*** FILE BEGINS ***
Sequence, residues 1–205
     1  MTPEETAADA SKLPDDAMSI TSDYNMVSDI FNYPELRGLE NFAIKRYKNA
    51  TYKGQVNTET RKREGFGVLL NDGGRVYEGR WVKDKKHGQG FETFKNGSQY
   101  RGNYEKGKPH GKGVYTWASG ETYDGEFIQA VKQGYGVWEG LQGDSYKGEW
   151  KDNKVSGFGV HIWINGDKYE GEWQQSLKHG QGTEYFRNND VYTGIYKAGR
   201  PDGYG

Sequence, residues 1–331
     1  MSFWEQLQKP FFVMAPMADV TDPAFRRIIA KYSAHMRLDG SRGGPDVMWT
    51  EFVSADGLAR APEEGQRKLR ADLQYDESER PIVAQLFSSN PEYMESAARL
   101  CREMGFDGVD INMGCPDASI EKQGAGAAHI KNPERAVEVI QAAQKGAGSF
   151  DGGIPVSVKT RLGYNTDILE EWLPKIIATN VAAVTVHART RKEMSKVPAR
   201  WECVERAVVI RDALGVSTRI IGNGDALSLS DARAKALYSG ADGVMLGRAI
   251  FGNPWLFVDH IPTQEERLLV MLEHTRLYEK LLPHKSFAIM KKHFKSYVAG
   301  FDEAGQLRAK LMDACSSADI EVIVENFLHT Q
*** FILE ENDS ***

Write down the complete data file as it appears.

Sequence, residues 1–205
     1  MTPEETAADA SKLPDDAMSI TSDYNMVSDI FNYPELRGLE NFAIKRYKNA
    51  TYKGQVNTET RKREGFGVLL NDGGRVYEGR WVKDKKHGQG FETFKNGSQY
   101  RGNYEKGKPH GKGVYTWASG ETYDGEFIQA VKQGYGVWEG LQGDSYKGEW
   151  KDNKVSGFGV HIWINGDKYE GEWQQSLKHG QGTEYFRNND VYTGIYKAGR
   201  PDGYG

Sequence, residues 1–331
     1  MSFWEQLQKP FFVMAPMADV TDPAFRRIIA KYSAHMRLDG SRGGPDVMWT
    51  EFVSADGLAR APEEGQRKLR ADLQYDESER PIVAQLFSSN PEYMESAARL
   101  CREMGFDGVD INMGCPDASI EKQGAGAAHI KNPERAVEVI QAAQKGAGSF
   151  DGGIPVSVKT RLGYNTDILE EWLPKIIATN VAAVTVHART RKEMSKVPAR
   201  WECVERAVVI RDALGVSTRI IGNGDALSLS DARAKALYSG ADGVMLGRAI
   251  FGNPWLFVDH IPTQEERLLV MLEHTRLYEK LLPHKSFAIM KKHFKSYVAG
   301  FDEAGQLRAK LMDACSSADI EVIVENFLHT Q